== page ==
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Learn More About Rehabilitation

Physical Therapists

Physical therapists (PTs) are licensed health care professionals who can help patients reduce pain and improve or restore mobility – in many cases without expensive surgery and often reducing the need for long-term use of prescription medications and their side effects. Many of the PTs at SGMC are Doctors of Physical Therapy. Physical Therapist Assistants (PTAs) are also employed at SGMC, and work with patients under the direction of a PT.

Physical therapists can teach patients how to prevent or manage their condition so that they will achieve long-term health benefits. PTs examine each individual and develop a plan, using treatment techniques to promote the ability to move, reduce pain, restore function, and prevent disability. In addition, PTs work with individuals to prevent the loss of mobility before it occurs by developing fitness- and wellness-oriented programs for healthier and more active lifestyles.

Occupational Therapists

Occupational Therapists (OTs) are licensed healthcare professionals who help patients return to activities of daily living (ADLs). Many of the OTs at SGMC have Masters or Doctoral level education. Certified Occupational Therapy Assistants (COTAs) are also employed at SGMC, and work with patients under the direction of an OT.

OTs ask, “What matters to you?” not, “What’s the matter with you?” Occupational therapy practitioners have a holistic perspective, in which the focus is on adapting the environment to fit the person, and the person is an integral part of the therapy team.

In its simplest terms, occupational therapists and occupational therapy assistants help people of all ages participate in the things they want and need to do through the therapeutic use of everyday activities.

Occupational therapy services may include comprehensive evaluations of the client’s home, recommendations for adaptive equipment and training in its use, and guidance and education for family members and caregivers.

Speech-Language Pathologists

Speech-Language Pathologists (SLPs or Speech Therapists) are licensed health care professionals who practice in the areas of communication and swallowing.  A minimum of a Master’s Degree is required to practice Speech-Language Pathology.  All of SGMC’s SLPs also hold the Certificate of Clinical Competency, which is an additional certification awarded by the American Speech Language and Hearing Association to applicants who have met their rigorous standards, demonstrating that they have the knowledge, skills, and expertise to provide high quality clinical services. 

SLPs work with patients of all ages and with disorders resulting from a variety of causes such as stroke, brain injury, hearing loss, developmental delay, cleft palate, Parkinson’s, or cerebral palsy.   Some of the areas addressed by SLPs include speech production and clarity, language, memory and concentration, voice, and swallowing.  The focus is generally on helping the patient communicate most effectively, or swallow most safely.  Training and educating communication partners/support persons is an important part of and SLPs practice and can make a significant difference in the patient and caregiver’s quality of life and overall rehabilitation experience.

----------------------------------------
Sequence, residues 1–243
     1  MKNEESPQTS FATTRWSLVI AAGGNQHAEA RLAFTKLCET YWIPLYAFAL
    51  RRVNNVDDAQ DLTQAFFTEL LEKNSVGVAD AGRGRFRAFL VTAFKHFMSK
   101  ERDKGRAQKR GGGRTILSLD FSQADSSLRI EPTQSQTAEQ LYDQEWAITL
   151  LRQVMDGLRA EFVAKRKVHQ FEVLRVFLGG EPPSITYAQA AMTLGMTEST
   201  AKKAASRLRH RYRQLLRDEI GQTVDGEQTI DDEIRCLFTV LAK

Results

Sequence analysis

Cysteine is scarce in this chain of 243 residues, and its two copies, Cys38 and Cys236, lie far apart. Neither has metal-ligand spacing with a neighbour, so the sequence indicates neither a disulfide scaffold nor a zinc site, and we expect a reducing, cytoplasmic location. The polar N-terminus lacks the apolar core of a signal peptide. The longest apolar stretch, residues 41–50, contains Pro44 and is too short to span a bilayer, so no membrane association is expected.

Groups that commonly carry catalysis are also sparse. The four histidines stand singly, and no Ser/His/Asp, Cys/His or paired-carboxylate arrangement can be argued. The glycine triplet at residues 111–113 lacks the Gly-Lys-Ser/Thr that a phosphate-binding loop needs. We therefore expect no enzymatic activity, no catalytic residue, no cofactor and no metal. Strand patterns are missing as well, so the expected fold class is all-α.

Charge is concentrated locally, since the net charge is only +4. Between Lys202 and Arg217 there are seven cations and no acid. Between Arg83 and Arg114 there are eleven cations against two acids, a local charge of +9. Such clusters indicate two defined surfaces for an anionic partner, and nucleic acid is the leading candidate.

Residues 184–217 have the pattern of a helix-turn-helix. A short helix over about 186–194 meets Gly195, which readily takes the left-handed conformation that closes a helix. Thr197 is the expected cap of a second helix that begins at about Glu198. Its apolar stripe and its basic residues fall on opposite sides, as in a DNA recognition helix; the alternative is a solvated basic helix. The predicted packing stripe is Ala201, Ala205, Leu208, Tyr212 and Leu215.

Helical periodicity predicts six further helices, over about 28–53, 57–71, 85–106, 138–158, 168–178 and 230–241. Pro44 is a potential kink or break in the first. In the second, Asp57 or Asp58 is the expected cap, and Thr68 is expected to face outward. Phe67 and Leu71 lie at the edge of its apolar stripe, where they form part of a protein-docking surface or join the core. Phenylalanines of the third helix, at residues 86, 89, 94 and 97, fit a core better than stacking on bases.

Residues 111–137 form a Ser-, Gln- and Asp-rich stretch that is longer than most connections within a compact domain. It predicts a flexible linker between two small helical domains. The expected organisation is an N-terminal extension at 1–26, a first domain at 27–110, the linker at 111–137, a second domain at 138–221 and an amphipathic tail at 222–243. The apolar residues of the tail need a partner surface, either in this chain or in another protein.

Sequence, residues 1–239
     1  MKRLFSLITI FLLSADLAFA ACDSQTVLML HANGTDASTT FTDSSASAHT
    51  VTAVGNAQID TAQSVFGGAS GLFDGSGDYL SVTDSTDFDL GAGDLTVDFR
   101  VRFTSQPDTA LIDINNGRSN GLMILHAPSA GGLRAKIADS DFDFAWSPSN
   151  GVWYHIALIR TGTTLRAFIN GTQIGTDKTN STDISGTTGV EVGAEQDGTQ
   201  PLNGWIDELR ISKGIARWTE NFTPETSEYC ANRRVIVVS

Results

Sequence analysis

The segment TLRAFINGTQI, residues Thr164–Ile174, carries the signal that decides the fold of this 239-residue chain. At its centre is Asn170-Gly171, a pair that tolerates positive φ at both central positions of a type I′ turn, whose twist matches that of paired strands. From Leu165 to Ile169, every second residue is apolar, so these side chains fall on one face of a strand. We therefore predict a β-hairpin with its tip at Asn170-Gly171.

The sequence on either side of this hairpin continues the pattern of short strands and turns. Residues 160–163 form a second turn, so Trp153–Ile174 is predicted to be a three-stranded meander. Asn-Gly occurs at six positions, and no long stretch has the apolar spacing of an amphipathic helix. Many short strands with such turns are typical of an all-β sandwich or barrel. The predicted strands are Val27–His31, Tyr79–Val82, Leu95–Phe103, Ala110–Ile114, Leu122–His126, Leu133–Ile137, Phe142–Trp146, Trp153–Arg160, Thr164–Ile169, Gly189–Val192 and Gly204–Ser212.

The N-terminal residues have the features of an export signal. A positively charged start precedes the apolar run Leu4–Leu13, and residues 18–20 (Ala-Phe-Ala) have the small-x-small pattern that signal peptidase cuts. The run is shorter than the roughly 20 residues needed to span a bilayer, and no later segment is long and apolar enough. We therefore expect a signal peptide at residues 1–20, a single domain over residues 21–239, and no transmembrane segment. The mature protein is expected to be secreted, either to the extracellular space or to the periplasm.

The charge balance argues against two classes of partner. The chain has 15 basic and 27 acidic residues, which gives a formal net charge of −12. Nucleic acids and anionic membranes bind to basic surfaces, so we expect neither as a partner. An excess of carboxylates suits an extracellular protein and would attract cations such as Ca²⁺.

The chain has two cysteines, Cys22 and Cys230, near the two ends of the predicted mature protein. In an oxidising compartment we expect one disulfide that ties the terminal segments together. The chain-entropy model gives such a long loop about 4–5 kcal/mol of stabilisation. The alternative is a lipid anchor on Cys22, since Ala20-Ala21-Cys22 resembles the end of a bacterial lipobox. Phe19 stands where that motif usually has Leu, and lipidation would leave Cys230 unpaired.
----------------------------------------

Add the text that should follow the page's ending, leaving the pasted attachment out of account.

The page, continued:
Rehabilitation Nursing

Rehabilitation nurses provide quality medical care 24-hours a day. Rehabilitation nurses make a visible difference in their patients’ lives, and work as part of a collaborative healthcare team. The Rehab nurses work with patients ages 18 and up, and their families or caregivers, soon after the onset of a disabling injury or chronic illness. They restore freedom and independence to patients so they can live life again.

Rehab nurses play many roles on our Rehab Unit from collaborators, educators and care coordinators to advocates and change agents. They work with other healthcare team members including physiatrists, OTs, PTs, speech therapists, social worker, and other specialists to create a comprehensive care plan based on patient goals in order to maximize potential. Rehabilitation nursing is a philosophy of care, not a work setting or a phase of treatment. Patients arrive at our rehabilitation setting with more complex medical conditions now than ever before. No two patients are exactly alike— and no 2 days are alike. All nursing skills are utilized to manage complex medical issues and set plans of care for optimal patient function and wellness.

The Rehab nursing staff on the Inpatient Rehab Unit receive recognition from numerous patients upon discharge for the fantastic care they received while on the Rehab Unit.

Rehabilitation Social Work/Case Management

The Inpatient Rehabilitation Unit utilizes a Licensed Medical Social Worker (LMSW) to provide case coordination as well as a full range of social services. These include assessments, treatment planning, therapeutic interventions and discharge planning. The LMSW works closely with patients and their families or caregivers, and has information about a wide variety of services provided by the surrounding county to allow a safe and smooth transition to home.